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Hyponatremia is a surrogate marker of poor outcome in peritoneal dialysis-related peritonitis

  • Min-Hua Tseng1, 2,
  • Chih-Jen Cheng4,
  • Chih-Chien Sung2, 4,
  • Yu-Ching Chou3,
  • Pauling Chu4,
  • Giien Shuen Chen4 and
  • Shih-Hua Lin2, 4Email author
Contributed equally
BMC Nephrology201415:113

DOI: 10.1186/1471-2369-15-113

Received: 10 February 2014

Accepted: 2 July 2014

Published: 10 July 2014



Hyponatremia is known to be a marker of poor prognosis in many clinical conditions. The association between hyponatremia and clinical outcomes in peritoneal dialysis-related peritonitis (PDRP) has not been studied. We evaluated the association between hyponatremia and clinical parameters of patients with PDRP.


We conducted a retrospective analysis of medical records of patients with PDRP admitted to a medical center in the period 2004-2011. Patients with serum Na+ <130 mEq/L and ≥ 130 mEq/L at admission were divided into hyponatremic and normonatremic groups, respectively. The demographic and laboratory characteristics, pathogens of peritonitis, length of hospital stay and mortality rate were analyzed.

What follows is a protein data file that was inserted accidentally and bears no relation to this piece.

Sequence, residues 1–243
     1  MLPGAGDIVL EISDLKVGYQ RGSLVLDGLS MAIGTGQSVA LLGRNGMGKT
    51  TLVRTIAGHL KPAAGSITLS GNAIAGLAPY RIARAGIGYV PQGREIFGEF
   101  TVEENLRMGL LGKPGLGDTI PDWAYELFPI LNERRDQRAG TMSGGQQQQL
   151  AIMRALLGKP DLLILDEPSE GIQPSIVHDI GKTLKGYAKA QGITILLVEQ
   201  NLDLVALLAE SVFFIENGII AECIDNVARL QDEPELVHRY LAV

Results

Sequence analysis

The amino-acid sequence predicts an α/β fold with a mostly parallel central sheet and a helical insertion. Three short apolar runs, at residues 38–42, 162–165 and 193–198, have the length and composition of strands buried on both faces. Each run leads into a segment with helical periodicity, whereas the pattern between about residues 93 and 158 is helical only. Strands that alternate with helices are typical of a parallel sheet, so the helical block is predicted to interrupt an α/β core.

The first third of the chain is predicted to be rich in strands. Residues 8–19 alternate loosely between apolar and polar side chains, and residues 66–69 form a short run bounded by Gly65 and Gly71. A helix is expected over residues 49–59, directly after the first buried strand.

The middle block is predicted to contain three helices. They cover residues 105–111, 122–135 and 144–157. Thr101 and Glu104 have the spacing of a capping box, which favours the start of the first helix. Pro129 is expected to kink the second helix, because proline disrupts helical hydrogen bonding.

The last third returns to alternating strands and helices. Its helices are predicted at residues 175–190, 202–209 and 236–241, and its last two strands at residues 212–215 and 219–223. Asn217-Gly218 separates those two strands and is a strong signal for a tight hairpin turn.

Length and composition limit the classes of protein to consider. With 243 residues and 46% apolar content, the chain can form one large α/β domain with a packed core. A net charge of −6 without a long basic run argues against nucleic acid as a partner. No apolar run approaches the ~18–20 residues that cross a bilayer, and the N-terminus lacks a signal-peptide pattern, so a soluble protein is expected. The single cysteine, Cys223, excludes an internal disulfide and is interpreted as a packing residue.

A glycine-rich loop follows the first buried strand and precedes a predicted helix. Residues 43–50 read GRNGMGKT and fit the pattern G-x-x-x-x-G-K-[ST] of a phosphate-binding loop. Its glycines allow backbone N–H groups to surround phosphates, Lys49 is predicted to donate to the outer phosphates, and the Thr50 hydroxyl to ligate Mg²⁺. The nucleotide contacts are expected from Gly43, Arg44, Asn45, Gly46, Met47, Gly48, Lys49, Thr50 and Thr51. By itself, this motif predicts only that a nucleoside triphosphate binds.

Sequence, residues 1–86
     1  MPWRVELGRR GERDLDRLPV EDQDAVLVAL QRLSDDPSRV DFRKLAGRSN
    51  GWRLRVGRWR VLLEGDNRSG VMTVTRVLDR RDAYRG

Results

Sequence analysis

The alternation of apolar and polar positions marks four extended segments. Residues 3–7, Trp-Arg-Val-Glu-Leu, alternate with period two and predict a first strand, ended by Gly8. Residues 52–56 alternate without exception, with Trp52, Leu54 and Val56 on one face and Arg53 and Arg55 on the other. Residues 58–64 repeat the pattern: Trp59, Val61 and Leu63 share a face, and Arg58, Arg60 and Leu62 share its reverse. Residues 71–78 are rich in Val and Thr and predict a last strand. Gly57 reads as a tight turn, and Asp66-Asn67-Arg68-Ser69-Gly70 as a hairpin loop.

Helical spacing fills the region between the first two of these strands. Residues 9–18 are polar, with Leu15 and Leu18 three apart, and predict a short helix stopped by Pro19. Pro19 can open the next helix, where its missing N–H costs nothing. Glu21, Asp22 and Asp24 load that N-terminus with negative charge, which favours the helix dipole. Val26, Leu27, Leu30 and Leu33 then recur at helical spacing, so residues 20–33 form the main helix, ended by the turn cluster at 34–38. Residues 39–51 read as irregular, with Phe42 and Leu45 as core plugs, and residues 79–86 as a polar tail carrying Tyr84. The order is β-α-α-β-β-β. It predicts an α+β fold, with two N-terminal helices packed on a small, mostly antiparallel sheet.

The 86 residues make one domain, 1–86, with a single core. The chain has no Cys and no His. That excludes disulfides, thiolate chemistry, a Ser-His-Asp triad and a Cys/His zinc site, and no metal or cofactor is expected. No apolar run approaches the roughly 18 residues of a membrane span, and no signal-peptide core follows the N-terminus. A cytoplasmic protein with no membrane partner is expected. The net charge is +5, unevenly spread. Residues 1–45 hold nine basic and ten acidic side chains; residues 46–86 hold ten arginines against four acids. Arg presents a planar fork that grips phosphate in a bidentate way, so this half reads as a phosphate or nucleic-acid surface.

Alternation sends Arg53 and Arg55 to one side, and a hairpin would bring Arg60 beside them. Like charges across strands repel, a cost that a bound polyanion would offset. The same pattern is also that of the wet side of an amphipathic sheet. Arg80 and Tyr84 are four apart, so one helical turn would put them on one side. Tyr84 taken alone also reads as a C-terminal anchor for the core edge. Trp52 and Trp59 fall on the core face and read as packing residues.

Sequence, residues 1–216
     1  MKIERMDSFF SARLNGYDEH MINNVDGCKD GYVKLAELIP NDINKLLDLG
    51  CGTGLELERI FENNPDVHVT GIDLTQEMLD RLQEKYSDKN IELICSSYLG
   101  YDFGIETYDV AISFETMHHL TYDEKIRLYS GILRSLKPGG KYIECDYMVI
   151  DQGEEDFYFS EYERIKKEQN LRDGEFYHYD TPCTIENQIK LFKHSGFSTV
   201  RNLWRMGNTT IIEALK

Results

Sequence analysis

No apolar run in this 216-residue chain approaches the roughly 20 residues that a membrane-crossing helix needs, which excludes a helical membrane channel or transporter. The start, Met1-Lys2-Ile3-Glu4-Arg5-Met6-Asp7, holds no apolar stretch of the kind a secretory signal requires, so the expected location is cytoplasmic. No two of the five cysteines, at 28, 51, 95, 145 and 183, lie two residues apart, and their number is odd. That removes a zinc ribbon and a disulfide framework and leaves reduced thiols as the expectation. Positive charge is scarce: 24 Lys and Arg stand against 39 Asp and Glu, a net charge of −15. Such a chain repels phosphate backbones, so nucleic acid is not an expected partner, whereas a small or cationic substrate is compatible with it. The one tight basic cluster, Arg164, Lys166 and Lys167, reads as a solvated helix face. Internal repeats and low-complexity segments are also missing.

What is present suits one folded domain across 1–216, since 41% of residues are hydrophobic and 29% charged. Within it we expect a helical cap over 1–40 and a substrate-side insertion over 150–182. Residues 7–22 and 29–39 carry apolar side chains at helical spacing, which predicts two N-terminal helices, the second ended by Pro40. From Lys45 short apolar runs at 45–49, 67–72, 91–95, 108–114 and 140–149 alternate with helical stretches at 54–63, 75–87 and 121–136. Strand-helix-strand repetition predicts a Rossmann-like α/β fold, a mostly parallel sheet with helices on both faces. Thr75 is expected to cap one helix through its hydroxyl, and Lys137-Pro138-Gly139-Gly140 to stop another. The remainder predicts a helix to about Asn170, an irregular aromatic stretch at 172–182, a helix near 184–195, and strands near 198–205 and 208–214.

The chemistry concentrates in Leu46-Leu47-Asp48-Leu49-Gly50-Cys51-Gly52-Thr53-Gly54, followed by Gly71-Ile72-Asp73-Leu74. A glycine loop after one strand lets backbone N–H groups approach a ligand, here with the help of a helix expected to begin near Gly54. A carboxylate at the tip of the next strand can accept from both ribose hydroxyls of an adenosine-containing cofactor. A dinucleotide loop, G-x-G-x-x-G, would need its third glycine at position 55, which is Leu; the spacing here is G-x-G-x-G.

Hyponatremia occurred in 27% (27/99) patients with PDRP. Gram-negative bacilli were the major pathogen responsible for 78% (21/27) PDRP in hyponatremic group while gram-positive cocci were found in 75% (41/55) PDRP in normonatremic groups. There was no significant difference in age, duration of dialysis, PD catheter removal rate and technique failure between two groups. Hyponatremic group had significantly higher serum CRP (p <0.001), lower serum albumin (p < 0.001) and phosphate (p < 0.05). Of note, serum Na+ level was positively correlated with serum albumin (p < 0.001), phosphate (p < 0.04) levels, and subjective global assessment (SGA) score (p < 0.001). Moreover, the length of hospital stay was longer and in-hospital mortality rate was higher in hyponatremic group (p < 0.001). Using a multivariable logistic regression, we showed that hyponatremia at admission is an independent predictor of in-hospital mortality (OR 76.89 95% CI 3.39-1741.67, p < 0.05) and long hospital stay (OR 5.37, 95% CI 1.58- 18.19, p < 0.05).